President Trump has been stress tweeting a lot in the new year. One of the many topics he has covered has been campaign finance. The essence of his stance: “Campaign finance, fuhgeddaboudit.”
On Saturday, the president tweeted:
“Many people currently a part of my opposition, including President Obama & the Dems, have had campaign violations, in some cases for very large sums of money. These are civil cases. They paid a fine & settled. While no big deal, I did not commit a campaign violation!”
This is just a guess, but it seems quite possible that Trump is preoccupied with campaign finance because his former lawyer Michael Cohen is facing three years in jail for his campaign finance violations, as well as what Cohen’s sentencing judge called a smorgasbord of crimes.
When I saw this presidential tweet, I felt like I was having déjà vu all over again, as Yogi Berra would say. I heard a similar argument just the day before when I was presenting on the Association of American Law Schools (AALS) Election Law Panel about Protecting American Elections from Foreign Interference. Drawing on my second book, Political Brands, I talked about apparent violations of American campaign finance law in 2016 that bar foreigners from spending in U.S. elections and bar Americans from asking for foreign money.
Two concrete examples I used were a Facebook ad paid for by the Russian government’s Internet Research Agency that urged Americans to “Vote Stein” (referring to Jill Stein, then the presidential candidate for the Green Party). This was illegal because it used Buckley v. Valeo’s magic words “vote” (otherwise known as express advocacy) and was paid for by a foreign government.
The second concrete example I used were screen shots of emails from Eric Trump, Donald Trump Jr., and Donald Trump himself to one Stuart McDonald during the 2016 election. If that name doesn’t ring a bell, it’s because Mr. McDonald isn’t from around here. Mr. McDonald is a Member of Parliament in Scotland. He got so cheesed off about the volume of emailed solicitations for campaign funds that he put out a humorous tweet imploring the New York Times to tell Trump to stop. In his tweet he called Trump’s solicitations for campaign money “pathetic.” In my AALS presentation, I pointed out that such solicitations are also illegal because they run afoul of a long-standing prohibition on asking foreigners, let alone foreign government officials, for money in an American campaign.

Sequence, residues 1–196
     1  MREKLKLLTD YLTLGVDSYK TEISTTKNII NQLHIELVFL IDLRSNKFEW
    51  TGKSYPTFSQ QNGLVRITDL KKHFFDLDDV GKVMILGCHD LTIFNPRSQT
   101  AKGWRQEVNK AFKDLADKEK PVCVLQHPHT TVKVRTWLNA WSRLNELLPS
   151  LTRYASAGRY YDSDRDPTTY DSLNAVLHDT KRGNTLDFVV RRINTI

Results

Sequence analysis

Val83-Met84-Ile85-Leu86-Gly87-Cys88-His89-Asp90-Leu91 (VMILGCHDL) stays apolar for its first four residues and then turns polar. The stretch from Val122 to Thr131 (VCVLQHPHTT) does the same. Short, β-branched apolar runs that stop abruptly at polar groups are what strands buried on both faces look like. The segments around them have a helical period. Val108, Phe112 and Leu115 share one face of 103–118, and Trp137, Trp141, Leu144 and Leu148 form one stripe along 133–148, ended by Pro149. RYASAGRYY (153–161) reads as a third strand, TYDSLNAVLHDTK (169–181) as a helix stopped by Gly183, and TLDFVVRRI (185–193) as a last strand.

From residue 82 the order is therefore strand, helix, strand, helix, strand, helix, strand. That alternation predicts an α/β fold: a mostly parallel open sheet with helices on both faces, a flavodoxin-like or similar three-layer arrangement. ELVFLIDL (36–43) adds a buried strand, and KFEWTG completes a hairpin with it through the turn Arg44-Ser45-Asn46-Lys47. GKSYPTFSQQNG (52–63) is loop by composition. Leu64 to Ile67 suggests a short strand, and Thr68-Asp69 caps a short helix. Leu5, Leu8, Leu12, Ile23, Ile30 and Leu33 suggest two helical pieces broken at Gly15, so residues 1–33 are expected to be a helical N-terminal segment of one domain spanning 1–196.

In reaction, Professor Bradley Smith, one of my co-panelists and a former FEC commissioner, proffered that the Obama campaign had received “$70 million in foreign money” and paid a huge fine to the FEC.
Both the presidential tweet and Smith’s comments on the panel seem to be referring to an instance in 2013 when the Obama campaign paid a $375,000 fine to the FEC for the 2008 campaign mostly for not returning excessive campaign donations quickly enough and delays in reporting. But none of those funds were alleged to have come from a foreign source. This is classic whataboutism, where the excuse for one person’s bad behavior is to point out the bad behavior of another. But two wrongs do not make a right. Also, is it too much to ask for all presidential candidates to abide by our election laws?
And moreover, there was never an accusation that Barack Obama had personally violated a campaign finance law or regulation. This fine was against his campaign. And this fine was mostly for reporting violations including omitting dates on reported funds.
The Obama campaign’s reporting error was a civil matter and is very different from where Trump finds himself. If Michael Cohen’s guilty plea is accurate, then he criminally violated the campaign finance laws at the direction of then-candidate Trump (by making a contribution that was too large and by facilitating an illegal corporate contribution). This could make President Trump an unindicted co-conspirator in those crimes. And here the underlying alleged offense is not merely civil disclosure errors.
Trump as well as his two adult sons could also be personally guilty of the many solicitations of foreigners like the ones they sent to MP Stuart McDonald during the 2016 campaign. The gist of the critique from the Trump in his tweet above, and from Professor Smith, seems to be “well everyone’s doing it,” so breaking campaign finance laws is not a big deal. Whether DOJ will go after the solicitations of foreign MPs is up to them. But a willful violation of campaign finance laws can be prosecuted as a crime, as Trump should know, since he once claimed “nobody knows more about campaign finance than I do because I’m the biggest contributor.”
Given that the Special Counsel cited campaign finance laws in his February 2018 indictment of 13 Russians, and the Southern District of New York has now used two separate campaign finance laws to prosecute Michael Cohen, and reached a non-prosecution agreement with American Media Inc. about its campaign finance violation, the stress tweets are likely to keep on flowing. Just remember with all Trump tweets, to fact check them before you believe them.
The views expressed are the author's own and not necessarily those of the Brennan Center for Justice.